London Bridge -- Lake Havasu City AZ
Posted by: Groundspeak Premium Member Benchmark Blasterz
N 34° 28.352 W 114° 20.790
11S E 743711 N 3817747
Quick Description: The 1831 London Bridge was sold to an American oil tycoon in 1968, who moved it from downtown London to the desert at Lake Havasu City. The bridge was reassembled and formally opened in its new home in 1971 by the then-Lord Mayor of London.
Location: Arizona, United States
Date Posted: 9/5/2014 8:29:12 AM
Waymark Code: WMMDJ5
Published By: Groundspeak Premium Member Bon Echo
Views: 10

Long Description:
Contrary to folklore, businessman Robert McCullogh did NOT mistakenly think he was buying London's Tower Bridge when he bought London Bridge. :)

The story of how this bridge made its way from London to Arizona (and some details of the reopening) can be found here: (visit link)

"How the London Bridge Ended Up in Arizona
A town of 52,000 people has called the famous bridge its own since 1971.
by Mark Byrnes

In 1962, the London Bridge (131-years-old at the time) was discovered to be sinking into the Thames, unable to handle 21st century traffic demands. By 1971, it was reborn in a new planned community of 8,000 people ... in Arizona.

Robert McCulloch, founder of the Lake Havasu City, won the old bridge with a $2,460,000 bid at the City of London's auction in 1968. McCulloch then spent another $7 million to have it moved to the community he established in 1964.

The bridge's exterior granite blocks were numbered and transported by ship, then rebuilt over a reinforced concrete structure built on land in-between the main part of the city and Pittsburgh Point, a peninsula connected to Lake Havasu. After the bridge was reconstructed, the Bridgewater Channel Canal was dredged under the bridge and flooded.

It was officially dedicated at a ceremony on October 10, 1971. A Los Angeles Times report at the time called it "a bizarre ceremony combining hoary English pomp and Arizona informality." McCulloch, Sir Peter M. Studd, lord mayor of London, "other London officials, their ladies and 17th century pikemen" were in attendance, along with 25,000 spectators.

McCulloch, who died six years later, hoped the bridge would turn Lake Havasu City into a tourist magnet, anchoring a complex filled with shops, restaurants and hotels. While the "English Village" built next to the bridge often leaves visitors disappointed, the town continues to grow, its population now at 52,000 and the bridge still its main attraction."

Blasterz heard from a Chamber of Commerce lady at the "Little London" English village that the London Bridge is Arizona's second most-popular tourist attraction after the Grand Canyon!

The public can walk or drive across the bridge. Free parking is available nearby at the Little London English Village shops.

The bemused British reaction to all this can be enjoyed here: (visit link)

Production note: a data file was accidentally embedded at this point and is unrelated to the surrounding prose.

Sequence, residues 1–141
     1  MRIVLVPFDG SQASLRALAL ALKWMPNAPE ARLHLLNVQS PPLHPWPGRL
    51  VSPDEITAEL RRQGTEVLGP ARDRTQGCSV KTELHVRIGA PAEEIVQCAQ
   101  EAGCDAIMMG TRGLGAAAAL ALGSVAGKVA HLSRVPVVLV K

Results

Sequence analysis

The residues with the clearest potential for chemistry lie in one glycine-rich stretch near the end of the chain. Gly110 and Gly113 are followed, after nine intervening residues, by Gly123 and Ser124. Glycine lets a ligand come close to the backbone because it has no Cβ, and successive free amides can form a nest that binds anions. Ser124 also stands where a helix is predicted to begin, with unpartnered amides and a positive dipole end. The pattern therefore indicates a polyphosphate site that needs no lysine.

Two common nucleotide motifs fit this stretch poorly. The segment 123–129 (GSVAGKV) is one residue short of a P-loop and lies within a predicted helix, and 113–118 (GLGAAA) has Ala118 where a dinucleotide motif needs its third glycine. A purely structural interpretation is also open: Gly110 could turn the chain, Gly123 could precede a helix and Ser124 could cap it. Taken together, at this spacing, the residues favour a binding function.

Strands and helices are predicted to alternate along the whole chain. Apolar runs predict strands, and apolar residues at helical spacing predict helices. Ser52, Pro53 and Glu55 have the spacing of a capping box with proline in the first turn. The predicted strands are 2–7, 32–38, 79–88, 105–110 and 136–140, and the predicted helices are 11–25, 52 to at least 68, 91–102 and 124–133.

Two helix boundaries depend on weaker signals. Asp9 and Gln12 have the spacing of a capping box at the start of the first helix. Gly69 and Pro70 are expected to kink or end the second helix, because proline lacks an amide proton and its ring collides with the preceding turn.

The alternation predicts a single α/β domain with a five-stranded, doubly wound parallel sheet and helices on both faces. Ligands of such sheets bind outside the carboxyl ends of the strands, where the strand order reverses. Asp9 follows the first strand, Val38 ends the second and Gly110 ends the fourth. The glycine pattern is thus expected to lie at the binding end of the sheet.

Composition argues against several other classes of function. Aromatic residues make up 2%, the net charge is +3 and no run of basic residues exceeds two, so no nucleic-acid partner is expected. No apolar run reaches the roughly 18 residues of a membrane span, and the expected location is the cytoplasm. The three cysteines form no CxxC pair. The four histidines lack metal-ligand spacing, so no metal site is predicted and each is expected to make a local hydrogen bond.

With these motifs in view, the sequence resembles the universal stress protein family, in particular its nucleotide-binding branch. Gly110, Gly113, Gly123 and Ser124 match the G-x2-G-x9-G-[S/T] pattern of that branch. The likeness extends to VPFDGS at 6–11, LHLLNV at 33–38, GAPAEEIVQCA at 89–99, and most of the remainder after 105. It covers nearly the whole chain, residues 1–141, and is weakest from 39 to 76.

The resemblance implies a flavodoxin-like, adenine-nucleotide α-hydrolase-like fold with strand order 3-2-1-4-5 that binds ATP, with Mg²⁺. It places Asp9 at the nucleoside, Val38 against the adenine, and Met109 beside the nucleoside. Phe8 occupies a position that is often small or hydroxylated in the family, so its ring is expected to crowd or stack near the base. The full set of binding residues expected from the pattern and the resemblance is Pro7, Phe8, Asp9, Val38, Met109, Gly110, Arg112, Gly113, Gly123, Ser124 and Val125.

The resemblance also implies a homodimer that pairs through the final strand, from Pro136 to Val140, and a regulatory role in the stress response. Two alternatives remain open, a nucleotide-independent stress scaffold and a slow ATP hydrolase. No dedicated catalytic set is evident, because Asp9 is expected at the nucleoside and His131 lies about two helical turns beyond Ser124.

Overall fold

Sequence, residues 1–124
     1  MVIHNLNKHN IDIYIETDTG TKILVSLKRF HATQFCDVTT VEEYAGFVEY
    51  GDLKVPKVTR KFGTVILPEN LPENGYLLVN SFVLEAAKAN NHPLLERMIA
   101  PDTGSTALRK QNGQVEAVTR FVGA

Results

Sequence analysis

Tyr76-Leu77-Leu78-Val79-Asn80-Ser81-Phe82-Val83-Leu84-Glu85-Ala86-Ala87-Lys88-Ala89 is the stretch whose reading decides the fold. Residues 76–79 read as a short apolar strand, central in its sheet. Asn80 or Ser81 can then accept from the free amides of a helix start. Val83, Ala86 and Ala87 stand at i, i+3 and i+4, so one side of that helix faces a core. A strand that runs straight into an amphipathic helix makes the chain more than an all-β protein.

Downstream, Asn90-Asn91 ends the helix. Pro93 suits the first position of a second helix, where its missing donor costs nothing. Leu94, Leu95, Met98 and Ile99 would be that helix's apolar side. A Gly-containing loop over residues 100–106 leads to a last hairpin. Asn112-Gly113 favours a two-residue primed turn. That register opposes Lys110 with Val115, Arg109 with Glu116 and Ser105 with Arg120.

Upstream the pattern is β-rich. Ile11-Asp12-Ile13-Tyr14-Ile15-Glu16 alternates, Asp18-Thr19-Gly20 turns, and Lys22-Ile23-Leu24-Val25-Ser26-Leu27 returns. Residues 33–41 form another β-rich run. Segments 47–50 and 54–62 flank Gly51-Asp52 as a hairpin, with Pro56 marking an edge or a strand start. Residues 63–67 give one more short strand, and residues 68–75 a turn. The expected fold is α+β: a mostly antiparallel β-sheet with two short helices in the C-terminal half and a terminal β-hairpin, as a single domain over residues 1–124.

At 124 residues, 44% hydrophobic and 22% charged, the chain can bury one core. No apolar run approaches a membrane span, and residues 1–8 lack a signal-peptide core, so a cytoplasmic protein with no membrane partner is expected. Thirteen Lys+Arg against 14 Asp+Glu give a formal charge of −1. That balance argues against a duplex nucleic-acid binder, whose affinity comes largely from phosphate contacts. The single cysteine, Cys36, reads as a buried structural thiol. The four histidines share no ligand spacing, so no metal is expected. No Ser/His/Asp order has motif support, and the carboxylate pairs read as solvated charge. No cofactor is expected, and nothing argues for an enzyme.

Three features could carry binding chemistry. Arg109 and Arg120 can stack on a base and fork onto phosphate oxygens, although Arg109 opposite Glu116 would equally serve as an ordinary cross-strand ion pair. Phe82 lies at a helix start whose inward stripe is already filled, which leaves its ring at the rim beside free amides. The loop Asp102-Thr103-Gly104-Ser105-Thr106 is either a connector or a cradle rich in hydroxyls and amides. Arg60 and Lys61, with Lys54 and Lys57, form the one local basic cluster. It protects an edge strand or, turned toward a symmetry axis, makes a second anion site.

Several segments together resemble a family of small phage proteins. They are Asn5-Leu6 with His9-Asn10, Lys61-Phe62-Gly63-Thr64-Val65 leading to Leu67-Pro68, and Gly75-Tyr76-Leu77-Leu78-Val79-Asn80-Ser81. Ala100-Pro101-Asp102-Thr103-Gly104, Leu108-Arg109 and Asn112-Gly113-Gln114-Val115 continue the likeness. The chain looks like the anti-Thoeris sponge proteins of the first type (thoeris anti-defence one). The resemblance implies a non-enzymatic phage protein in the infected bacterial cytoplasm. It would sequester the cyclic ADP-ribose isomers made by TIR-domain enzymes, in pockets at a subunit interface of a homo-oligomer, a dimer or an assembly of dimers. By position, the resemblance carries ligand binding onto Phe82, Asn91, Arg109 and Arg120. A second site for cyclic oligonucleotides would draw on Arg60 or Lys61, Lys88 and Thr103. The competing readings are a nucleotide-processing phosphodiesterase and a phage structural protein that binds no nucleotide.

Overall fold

"A trip to see London Bridge … in Arizona
by Travis Elborough
The Observer, Saturday 2 February 2013

In 1971 Robert P McCulloch bought London Bridge and shipped it to a small desert town. But, as our writer finds, the pre-Victorian masterpiece is very much at home on the Colorado River in the heart of Mojave County

Lake Havasu City lies by the Colorado River on a 45-mile stretch of clear water amid the desert peaks of western Arizona. It is about 150 miles from Las Vegas and a seven-hour drive from Los Angeles. In summer the temperature has been known to reach 50C. The landscape is characterised by arid expanses of loamy sand, bare red rock and eroded sediment, while the local flora – cat claws, bursage and mesquite – pokes out of the dusty ground like bristles on a hog. A more unlikely setting for a 19th-century British architectural landmark can't really be imagined. And yet John Rennie's London Bridge has called Lake Havasu City home since 1971, the year of my own birth. Captivated since childhood by the story of its transplantation, I vowed to visit it.

Preparing for the trip, I was excited to read about the so-called "English Village", a mini London theme park beside the bridge. And on arriving at its south bank, bridge seekers are greeted by silver City of London griffins, a diminutive Trafalgar Square fountain attended by Lilliputian Landseer lions and a red phone box. Sadly, a British pub, once famed for serving imported Watneys Red Barrel in tankards, was boarded up and awaiting demolition, while a Routemaster bus that had long stood at the foot of the bridge, serving as an ice cream van, has been banished to a dusty breakers' yard.

If the English Village was severely depleted, London Bridge, by contrast, looked surprisingly well. Studying old postcards, it had always appeared rather dowdy to me. But freed from the confines of a smoky hugger-mugger cityscape, Rennie's neoclassical crossing seemed regal, majestic even, under a blazing midday Arizona sun. Compellingly, the stonework still bears smudges of soot and patches of graffiti – some legibly dating from the time of the Blitz. All of which rather poignantly attests to the bridge's distinguished service in the smoke. And in such intense heat, there's pleasing surreality to spying a manufacturer's casting mark at the base of a lamp that reads: "T Potter & Sons, South Moulton St W".